Petworth House Tennis Court
Written by Richard White (S.1960-64)
Friday, 29 July 2011
Richard White works as a lawyer-linguist in the English-language translation unit at the Court of Justice in Luxembourg. When he was an undergraduate at Oxford University, he was introduced to ‘real’ tennis, or jeu de paume, the ancestor of modern day lawn tennis. Now in his sixties, he is still an avid player. Commission en direct spoke to him to find out more about this historical game.

How is this sport’s history entwined with European history?
In the Middle Ages it was very popular among European royalty and nobility, so I guess an enormous amount of state business was probably conducted in and around their tennis courts. Henry VIII of England and François 1e were very keen players and prolific builders of courts.

Henry VIII is said to have been in the court at Hampton Court Palace, where I also love to play, when he was informed of his wife Ann Boleyn’s execution. Henri IV, whose mother Jeanne d’Albret was a skilled and ruthless player, played regularly for exercise and relaxation. It is said he had a court built wherever he went. Rizzio,
Mary Queen of Scots’ counsellor (and reputed lover), was murdered when he was cornered by assassins whilst playing tennis. The painter Caravaggio was always thought to have fled Rome after murdering Ruggieri, his opponent, after an argument over a disputed bet on a game of tennis (pallacorda). Charles I of England is said to have been playing in the Merton College court at Oxford (where I learnt to play) with his nephew Prince Ruprecht of the Rhine when he was informed of his proscription by Parliament. In the tradition of English
heroes, he ‘carried on with the game’. But, of course, the most famous historical event to take place in a tennis court (though it didn’t involve a game) was the Tennis Court Oath – le serment du jeu de paume – of 20
June 1789, a seminal moment of the French Revolution, when the deputies of the ‘Third Estate’ assembled in a ‘real’ tennis court and swore not to separate until France was given a Constitution. David’s famous depiction
adorns the Versailles court where it took place.

What are the main peculiarities of ‘real’ tennis compared to lawn tennis?
Well, the main difference is that ‘real’ tennis is played indoors in a ‘court’. The court, apart from being divided by a net in the middle, has a covered corridor with a sloping roof along three of the walls, respectively one side wall and the two end walls.

The peculiarity of ‘real’ tennis is that the walls and the sloping roof of the corridor keep the ball in play, as in squash.

The game is played with asymmetric wooden rackets, and the balls, which are still hand-made and hard, sometimes become misshapen, behaving erratically and unexpectedly.

On either side of the court there are also different targets that, if hit by the ball, give a point outright, these targets are different in size and position depending on what side of the court you are playing.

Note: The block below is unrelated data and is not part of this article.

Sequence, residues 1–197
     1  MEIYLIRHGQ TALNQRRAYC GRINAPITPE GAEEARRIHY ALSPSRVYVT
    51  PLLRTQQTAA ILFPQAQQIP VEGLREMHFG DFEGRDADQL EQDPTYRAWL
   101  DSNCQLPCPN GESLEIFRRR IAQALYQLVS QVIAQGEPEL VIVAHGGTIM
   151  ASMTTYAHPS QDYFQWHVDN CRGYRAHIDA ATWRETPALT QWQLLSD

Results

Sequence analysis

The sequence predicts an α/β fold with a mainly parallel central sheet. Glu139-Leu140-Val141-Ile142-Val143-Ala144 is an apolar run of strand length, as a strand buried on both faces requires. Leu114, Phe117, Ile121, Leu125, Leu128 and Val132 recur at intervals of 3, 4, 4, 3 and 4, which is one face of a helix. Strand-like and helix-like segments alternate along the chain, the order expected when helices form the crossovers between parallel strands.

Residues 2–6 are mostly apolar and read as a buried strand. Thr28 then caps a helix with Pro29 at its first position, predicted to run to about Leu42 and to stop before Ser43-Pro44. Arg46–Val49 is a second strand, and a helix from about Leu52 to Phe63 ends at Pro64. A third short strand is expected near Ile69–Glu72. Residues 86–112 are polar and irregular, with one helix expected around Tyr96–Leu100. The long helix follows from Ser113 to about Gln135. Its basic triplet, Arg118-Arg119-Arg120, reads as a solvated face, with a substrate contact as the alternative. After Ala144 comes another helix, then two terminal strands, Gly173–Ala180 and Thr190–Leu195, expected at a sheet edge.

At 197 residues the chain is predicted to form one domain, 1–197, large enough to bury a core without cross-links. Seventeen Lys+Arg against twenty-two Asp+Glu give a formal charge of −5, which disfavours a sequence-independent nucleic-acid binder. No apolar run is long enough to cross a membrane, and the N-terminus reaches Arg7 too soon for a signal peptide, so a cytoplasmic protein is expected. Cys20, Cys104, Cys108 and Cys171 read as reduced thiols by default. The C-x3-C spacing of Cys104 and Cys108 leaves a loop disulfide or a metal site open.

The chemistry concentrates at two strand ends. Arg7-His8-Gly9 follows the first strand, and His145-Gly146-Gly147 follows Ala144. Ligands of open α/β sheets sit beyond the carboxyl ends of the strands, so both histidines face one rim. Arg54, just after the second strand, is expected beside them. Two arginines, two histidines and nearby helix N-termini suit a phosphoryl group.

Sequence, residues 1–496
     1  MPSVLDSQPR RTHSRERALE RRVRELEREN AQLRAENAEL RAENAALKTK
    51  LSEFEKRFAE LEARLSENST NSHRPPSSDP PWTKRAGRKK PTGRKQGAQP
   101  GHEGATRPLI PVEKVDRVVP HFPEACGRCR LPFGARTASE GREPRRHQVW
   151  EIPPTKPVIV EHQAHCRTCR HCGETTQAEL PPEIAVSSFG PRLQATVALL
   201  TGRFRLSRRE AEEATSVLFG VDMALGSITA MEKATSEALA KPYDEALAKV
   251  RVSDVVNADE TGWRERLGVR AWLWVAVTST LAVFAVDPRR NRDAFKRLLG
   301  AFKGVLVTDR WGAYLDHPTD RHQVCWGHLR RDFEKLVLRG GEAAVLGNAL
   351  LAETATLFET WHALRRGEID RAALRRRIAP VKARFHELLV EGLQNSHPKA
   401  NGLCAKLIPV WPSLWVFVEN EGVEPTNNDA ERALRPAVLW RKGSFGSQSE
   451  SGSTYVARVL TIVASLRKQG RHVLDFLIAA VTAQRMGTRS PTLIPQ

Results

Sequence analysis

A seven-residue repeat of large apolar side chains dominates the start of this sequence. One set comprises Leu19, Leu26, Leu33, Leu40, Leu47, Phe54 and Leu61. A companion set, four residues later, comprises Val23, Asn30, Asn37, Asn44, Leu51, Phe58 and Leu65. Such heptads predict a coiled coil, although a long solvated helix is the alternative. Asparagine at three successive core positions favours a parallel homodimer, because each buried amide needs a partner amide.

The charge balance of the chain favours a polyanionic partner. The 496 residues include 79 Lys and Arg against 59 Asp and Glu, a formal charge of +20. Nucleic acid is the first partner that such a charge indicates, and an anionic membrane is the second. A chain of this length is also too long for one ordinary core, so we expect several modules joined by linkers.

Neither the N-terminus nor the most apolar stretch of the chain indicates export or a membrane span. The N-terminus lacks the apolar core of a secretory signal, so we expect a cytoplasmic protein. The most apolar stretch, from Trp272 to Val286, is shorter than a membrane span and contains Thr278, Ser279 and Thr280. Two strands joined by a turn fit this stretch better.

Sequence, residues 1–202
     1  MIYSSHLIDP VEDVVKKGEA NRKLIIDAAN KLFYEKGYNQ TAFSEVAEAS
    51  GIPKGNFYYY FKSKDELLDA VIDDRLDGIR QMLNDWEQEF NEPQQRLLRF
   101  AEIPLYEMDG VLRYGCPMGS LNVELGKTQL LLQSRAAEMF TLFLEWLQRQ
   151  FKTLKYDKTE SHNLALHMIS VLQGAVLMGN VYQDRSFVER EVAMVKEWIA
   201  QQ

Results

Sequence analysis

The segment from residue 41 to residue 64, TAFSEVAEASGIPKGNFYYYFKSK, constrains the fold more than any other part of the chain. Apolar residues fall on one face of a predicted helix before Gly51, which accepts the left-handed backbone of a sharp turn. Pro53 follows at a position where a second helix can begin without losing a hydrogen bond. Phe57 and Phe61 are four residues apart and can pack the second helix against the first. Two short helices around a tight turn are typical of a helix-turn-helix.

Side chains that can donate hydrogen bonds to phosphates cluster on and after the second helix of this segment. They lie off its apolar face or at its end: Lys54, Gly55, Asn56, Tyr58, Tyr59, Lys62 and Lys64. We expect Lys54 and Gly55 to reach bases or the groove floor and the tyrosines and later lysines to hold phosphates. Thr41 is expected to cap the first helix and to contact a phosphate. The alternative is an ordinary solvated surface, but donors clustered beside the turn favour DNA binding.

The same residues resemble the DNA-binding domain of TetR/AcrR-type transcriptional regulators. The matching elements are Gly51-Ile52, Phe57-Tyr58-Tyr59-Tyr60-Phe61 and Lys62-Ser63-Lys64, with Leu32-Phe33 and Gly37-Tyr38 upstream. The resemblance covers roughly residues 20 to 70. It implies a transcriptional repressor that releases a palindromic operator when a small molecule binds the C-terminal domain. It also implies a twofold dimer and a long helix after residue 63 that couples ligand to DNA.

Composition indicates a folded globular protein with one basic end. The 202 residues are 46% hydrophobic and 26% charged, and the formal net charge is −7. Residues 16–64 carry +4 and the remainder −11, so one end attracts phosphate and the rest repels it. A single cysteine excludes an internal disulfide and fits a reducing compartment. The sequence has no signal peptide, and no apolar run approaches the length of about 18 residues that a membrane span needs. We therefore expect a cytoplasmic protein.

The rules of the game also include many peculiarities, like the rule that a point is not concluded on the ball’s second bounce, as in lawn tennis, but the point is replayed later as a ‘chase’, giving you the chance to
win the point instead of losing it.

What is the history of this game?
The origins of this game are quite controversial. Since the structure of the ‘real’ tennis court resembles somehow the interior of a monastery cloister, one of the main hypotheses was that the sport was originally played inside French monasteries. But there is no real evidence for this. Another hypothesis is that the game derived from the Italian game of palla, played with bare hands in the streets of Tuscan hill towns. What is known, for sure, is that the game was already established in its modern
form by the end of the 15th century.

Eventually, in the 1870s, the English upper classes started wanting to play the game outdoors, on their lawns, during summer. This led to a change in the game’s features, with the subsequent birth of modern tennis.

Why did you choose this particular historical sport instead of playing a more widespread one, like modern tennis?
I still enjoy playing several other games. I play squash competitively for the European Investment Bank in the  Luxembourg league. Unfortunately, at the age of 64, I can no longer manage Luxembourg Squash tournaments. On the other hand, I can just manage to play tough ‘real’ tennis matches on consecutive days. It’s a game that one
can play, especially doubles, into one’s 80s. I also love playing lawn tennis with colleagues, friends and family, but I hope to be able to continue playing ‘real’ tennis competitively until I ‘drop’, possibly on
court!

What benefits do you derive from it?
Physical and mental exercise and relaxation, along with pure enjoyment, even after losing. I love the great sportsmanship, camaraderie and hospitality amongst the game’s players wherever it is played, as well as our common enthusiasm for all the game’s history and bizarreness.

Occasionally, spectators say they like watching my ‘classical’ style and my perseverance no matter how bad things may look.

I treasure my very many happy memories of matches with a legion of genial interesting opponents, far too many of whom now, alas, grace that great tennis court in the sky.

Originl story published in Commission en Direct.

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